How to Protect Cars from Hackers?

By Lester D'Souza, Auto Tech Outlook | Monday, September 28, 2020

The new-age vehicles have around fifty different automotive IoT devices that hackers can attack; thus, vehicle cybersecurity is vital for automobile safety.

Fremont, CA: The new-age cars have dozens of computers onboard, and they are not only running GPS or playing music. The computers monitor and control almost every system on the vehicle, including steering, brakes, and the engine itself. Therefore, automotive cybersecurity is critical. If a vehicle's computer systems are not appropriately protected, the hackers can steal data or even take complete control of the vehicle. Hackers can even go on to run commands, forcing a vehicle to comply with the hacker's instruction instead of the driver. Although getting data stolen is a troubling thought, the idea that a hacker could take control of the car is outright terrifying. 

Within the context of road vehicles, cybersecurity is the protection of automotive electronic systems, communication networks, control algorithms, software, users, and underlying data from malicious attacks, damage, unauthorized access, or manipulation. Therefore when automotive cybersecurity is mentioned, it means protecting the in-vehicle computer systems on automobiles from cybercriminals and unauthorized individuals who might be up to no good.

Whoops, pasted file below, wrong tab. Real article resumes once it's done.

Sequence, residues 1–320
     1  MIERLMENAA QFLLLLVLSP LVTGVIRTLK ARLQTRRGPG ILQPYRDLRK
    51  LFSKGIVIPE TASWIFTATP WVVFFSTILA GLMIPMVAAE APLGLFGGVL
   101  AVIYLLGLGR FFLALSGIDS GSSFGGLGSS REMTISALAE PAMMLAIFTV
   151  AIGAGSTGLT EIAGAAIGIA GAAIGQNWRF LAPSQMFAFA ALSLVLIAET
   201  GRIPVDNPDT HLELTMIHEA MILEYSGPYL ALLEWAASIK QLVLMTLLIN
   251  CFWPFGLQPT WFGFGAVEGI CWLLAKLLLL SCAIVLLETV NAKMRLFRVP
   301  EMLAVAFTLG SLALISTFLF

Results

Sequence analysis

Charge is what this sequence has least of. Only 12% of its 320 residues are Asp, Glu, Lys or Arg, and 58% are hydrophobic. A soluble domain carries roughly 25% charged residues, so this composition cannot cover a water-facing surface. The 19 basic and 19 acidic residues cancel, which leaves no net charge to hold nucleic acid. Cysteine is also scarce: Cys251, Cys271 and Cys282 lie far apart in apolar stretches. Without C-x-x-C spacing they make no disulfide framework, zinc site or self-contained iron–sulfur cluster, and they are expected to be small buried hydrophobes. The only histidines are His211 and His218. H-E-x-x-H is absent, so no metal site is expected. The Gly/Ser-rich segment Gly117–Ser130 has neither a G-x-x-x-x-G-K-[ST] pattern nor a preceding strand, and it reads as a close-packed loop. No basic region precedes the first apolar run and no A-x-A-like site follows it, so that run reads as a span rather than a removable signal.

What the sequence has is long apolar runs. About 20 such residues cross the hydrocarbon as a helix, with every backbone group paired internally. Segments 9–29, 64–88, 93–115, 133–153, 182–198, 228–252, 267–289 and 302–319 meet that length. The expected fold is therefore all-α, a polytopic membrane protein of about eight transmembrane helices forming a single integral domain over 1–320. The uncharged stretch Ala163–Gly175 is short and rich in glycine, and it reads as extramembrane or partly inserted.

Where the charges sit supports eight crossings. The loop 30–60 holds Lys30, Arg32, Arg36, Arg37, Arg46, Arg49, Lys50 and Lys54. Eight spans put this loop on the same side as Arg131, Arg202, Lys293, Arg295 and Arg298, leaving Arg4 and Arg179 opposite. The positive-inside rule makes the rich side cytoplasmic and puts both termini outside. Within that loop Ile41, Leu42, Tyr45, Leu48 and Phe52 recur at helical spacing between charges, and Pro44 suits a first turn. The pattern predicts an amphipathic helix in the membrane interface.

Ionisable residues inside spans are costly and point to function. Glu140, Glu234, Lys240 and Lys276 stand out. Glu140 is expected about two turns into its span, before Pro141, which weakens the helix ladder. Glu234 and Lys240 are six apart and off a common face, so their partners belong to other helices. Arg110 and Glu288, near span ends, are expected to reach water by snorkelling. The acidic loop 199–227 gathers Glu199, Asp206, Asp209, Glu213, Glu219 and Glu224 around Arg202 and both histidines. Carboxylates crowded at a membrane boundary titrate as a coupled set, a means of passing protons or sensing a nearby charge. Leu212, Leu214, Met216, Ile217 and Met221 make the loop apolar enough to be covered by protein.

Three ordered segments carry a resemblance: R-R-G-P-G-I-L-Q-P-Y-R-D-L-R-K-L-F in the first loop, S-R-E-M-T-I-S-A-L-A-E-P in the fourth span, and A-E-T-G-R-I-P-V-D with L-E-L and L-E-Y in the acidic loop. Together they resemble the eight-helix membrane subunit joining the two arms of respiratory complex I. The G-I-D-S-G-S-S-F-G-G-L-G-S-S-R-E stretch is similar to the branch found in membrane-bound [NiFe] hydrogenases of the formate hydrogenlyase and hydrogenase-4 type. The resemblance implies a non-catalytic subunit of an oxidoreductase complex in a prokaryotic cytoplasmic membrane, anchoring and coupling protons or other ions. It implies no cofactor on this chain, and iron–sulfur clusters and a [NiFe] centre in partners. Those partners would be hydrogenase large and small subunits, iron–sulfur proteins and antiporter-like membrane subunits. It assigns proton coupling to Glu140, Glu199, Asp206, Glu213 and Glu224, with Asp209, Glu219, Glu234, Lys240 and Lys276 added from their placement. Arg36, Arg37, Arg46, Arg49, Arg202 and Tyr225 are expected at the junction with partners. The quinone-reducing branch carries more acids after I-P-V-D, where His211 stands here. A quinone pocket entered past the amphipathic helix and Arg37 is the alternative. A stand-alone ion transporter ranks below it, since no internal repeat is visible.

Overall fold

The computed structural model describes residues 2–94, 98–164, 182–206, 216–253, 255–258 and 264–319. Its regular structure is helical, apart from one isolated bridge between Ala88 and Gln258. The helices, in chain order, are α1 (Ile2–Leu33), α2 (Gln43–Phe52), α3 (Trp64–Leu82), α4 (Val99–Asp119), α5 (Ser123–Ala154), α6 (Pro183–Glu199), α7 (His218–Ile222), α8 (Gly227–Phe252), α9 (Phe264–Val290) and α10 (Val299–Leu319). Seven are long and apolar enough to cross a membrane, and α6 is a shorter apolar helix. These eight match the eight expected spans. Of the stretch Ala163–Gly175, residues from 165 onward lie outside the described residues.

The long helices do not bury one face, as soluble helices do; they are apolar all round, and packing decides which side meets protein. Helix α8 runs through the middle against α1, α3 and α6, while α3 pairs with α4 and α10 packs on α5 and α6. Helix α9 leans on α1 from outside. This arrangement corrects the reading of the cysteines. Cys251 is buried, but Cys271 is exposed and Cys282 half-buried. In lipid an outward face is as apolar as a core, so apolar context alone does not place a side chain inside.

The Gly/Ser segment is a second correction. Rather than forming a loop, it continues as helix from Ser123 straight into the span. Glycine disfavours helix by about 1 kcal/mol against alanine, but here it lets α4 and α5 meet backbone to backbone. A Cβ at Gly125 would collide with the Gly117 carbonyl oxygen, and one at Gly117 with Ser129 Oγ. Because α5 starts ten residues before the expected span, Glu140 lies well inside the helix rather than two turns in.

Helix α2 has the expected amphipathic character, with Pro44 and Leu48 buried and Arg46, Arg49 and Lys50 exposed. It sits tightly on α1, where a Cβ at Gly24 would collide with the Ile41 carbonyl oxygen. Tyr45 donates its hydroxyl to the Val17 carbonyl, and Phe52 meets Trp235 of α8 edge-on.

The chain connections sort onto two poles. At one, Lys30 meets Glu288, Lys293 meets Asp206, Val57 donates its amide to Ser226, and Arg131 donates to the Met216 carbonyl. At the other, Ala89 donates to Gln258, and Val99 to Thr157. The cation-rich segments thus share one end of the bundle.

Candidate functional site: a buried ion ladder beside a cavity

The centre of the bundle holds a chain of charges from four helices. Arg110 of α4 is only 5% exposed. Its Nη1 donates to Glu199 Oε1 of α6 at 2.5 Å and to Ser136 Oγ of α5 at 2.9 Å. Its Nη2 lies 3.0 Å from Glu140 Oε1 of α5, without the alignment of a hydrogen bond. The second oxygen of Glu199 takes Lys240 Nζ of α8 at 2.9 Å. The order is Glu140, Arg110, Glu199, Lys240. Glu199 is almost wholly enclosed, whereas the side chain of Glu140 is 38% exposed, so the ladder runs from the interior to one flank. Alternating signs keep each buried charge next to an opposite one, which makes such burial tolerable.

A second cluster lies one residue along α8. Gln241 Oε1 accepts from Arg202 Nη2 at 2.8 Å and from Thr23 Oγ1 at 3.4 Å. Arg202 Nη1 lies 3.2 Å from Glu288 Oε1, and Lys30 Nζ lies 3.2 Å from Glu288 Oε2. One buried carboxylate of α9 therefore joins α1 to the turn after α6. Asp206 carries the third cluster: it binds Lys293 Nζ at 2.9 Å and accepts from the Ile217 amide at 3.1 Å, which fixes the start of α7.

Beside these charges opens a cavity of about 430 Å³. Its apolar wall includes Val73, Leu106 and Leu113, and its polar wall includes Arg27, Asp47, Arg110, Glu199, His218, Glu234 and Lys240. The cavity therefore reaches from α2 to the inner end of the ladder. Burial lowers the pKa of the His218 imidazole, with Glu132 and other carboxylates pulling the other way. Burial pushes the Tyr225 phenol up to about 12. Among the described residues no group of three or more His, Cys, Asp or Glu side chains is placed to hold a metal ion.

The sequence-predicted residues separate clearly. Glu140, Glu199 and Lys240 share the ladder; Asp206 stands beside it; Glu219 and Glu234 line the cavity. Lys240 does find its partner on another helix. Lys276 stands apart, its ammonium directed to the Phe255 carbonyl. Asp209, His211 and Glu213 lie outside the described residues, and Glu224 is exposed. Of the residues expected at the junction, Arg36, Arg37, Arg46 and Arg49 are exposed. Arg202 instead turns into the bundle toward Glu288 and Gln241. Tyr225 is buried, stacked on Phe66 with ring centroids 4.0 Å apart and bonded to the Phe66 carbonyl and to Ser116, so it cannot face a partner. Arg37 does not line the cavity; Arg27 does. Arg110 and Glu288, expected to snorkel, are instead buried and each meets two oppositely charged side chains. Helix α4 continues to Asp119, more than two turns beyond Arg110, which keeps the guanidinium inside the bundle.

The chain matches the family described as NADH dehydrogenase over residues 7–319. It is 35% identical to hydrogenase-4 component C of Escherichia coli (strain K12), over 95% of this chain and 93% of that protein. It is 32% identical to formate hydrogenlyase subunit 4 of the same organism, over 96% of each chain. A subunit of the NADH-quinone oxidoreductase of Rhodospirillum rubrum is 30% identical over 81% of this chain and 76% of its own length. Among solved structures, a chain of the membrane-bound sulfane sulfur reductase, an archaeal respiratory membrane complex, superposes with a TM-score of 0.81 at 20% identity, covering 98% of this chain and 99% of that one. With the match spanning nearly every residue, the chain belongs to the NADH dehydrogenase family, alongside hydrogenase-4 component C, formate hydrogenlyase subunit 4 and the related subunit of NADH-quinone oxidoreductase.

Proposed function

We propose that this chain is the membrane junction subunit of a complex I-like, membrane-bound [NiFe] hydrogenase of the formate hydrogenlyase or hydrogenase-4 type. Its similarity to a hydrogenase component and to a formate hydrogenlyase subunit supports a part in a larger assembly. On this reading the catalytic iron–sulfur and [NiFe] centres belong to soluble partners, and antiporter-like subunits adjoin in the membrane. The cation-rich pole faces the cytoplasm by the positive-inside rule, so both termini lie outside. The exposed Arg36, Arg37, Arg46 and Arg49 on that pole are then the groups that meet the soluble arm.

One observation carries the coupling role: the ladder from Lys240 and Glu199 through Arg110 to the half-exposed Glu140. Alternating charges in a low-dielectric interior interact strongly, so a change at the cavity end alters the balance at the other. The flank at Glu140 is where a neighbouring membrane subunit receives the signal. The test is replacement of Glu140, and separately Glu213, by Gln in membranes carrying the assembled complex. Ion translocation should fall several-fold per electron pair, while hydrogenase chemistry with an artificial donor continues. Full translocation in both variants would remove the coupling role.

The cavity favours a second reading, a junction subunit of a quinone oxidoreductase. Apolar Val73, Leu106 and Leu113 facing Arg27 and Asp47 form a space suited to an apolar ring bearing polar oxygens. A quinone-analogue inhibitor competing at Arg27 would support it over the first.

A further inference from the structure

Top 10 Safety Solution Companies - 2019Here are a few areas that have to be secured and taken care of while talking about cyberattack methods.

1. Direct physical attacks- This kind of attack occurs when someone has direct physical access to a vehicle, like when it's at a shop for repair or someone breaks into it. These attacks frequently involve the use of onboard vehicle networks, ports, and numerous connectors. An attacker could install a hardware or software that quickly gives them control of your vehicle later (when you're using it).

2. Indirect physical vulnerabilities- This type of attack requires some medium to conduct the attack. These mediums can include firmware updates, the usage of SD cards and USB devices, and so on. For instance, an attacker could get a vehicle owner to plug in an MP3 player that's infected with malware.

3. Wireless vulnerabilities- This can include everything from short-range methods like Wi-Fi and Bluetooth attacks to long-range mechanisms that involve the use of GPS or cellular technologies. With these attacks, the hacker doesn't need any physical access to your car.

4. Sensor fooling vulnerabilities- While there aren't any documented threats of this type as of this time, that doesn't mean that sensors aren't exploitable.

See also: Top Cyber Security Consulting/ Services Companies

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